The New Hampshire Law Against Discrimination prohibits discrimination in employment on the basis of national origin (NH Rev. Stat. Sec. 354-A:1 et seq.). The Law applies to all public employers and private employers with six or more employees. National origin includes ancestry, and generally refers to an individual's or ancestor's place of birth. Under the Law, it is unlawful to:
• Refuse to hire, discharge, or discriminate against in compensation or in terms, conditions, or privileges of employment on the basis of national origin, unless based on a bona fide occupational qualification (BFOQ).
• Print or circulate any statement, advertisement or publication, or use any form of application for employment that expresses any limitation, specification, or discrimination as to national origin, unless based on a BFOQ.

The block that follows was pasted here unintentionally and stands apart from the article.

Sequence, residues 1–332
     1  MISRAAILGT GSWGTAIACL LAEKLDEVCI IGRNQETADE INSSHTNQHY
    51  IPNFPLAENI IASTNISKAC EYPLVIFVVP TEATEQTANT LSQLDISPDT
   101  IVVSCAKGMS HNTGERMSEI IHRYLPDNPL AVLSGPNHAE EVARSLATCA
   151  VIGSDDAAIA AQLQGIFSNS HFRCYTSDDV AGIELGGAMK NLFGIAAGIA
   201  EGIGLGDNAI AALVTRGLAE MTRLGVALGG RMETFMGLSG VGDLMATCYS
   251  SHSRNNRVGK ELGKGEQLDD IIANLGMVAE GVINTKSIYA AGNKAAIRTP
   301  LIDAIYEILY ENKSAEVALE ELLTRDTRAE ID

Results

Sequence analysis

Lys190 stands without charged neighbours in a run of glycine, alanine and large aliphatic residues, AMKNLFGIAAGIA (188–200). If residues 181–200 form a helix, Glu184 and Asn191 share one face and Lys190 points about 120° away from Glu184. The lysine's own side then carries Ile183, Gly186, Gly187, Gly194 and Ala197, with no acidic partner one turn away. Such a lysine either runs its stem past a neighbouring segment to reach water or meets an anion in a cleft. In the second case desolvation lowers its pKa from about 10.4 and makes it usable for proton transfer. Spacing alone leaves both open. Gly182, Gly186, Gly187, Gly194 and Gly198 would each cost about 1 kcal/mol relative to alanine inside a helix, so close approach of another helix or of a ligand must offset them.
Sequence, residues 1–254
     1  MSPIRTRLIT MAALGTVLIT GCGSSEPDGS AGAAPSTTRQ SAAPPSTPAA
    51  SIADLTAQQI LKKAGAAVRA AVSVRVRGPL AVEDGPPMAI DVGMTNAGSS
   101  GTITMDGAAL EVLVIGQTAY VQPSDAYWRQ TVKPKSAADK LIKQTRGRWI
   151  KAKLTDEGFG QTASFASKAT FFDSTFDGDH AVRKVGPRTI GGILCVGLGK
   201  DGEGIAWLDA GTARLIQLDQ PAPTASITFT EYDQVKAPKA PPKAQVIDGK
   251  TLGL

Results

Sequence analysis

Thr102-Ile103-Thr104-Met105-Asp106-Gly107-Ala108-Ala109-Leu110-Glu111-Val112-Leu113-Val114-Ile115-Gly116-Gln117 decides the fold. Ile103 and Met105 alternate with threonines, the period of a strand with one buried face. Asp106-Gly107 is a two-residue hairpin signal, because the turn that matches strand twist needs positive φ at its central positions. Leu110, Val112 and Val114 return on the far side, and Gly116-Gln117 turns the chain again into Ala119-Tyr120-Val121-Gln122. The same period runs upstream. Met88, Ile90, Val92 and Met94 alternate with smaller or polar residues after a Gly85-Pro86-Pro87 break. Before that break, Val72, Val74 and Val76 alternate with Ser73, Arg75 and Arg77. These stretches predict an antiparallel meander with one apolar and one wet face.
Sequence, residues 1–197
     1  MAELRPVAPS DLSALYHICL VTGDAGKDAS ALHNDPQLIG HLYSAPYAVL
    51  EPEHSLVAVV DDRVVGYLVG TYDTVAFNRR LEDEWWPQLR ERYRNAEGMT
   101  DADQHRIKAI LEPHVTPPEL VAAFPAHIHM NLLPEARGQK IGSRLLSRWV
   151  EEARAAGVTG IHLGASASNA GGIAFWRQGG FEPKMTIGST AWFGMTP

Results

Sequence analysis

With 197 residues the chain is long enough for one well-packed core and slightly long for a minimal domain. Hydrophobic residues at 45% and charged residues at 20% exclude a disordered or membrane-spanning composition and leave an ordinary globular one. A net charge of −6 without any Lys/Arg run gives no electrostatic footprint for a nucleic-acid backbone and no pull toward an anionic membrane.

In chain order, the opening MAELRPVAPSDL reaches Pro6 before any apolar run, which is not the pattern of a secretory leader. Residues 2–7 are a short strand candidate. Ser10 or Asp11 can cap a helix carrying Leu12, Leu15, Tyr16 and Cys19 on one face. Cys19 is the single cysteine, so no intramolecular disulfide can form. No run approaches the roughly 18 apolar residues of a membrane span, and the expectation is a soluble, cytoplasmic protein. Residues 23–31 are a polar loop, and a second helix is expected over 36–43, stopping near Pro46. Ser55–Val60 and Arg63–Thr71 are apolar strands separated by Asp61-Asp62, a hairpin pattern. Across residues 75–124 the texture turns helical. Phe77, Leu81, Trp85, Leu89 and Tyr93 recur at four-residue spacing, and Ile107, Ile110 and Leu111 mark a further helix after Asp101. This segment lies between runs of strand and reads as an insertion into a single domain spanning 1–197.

• Make any inquiry or record in connection with employment that expresses any limitation, specification, or discrimination as to national origin, unless based on a BFOQ.
• Discharge or otherwise retaliate against any person because he or she has filed a complaint of discrimination or had testified or assisted in any proceeding under the Law.
• Aid, compel, or coerce the doing of any of the acts forbidden under the Law, or to attempt to do so.
Individual liability. The New Hampshire Supreme Court has ruled that an individual employee may be held personally liable for aiding and abetting discrimination or harassment by an employer covered under the law (EEOC v. Fred Fuller Oil Co., 134 A.3d 17 (NH 2016)). It also ruled that an individual employee may be liable for retaliation. The Court examined the language of the state statute and noted that the aiding and abetting portion is not limited to ...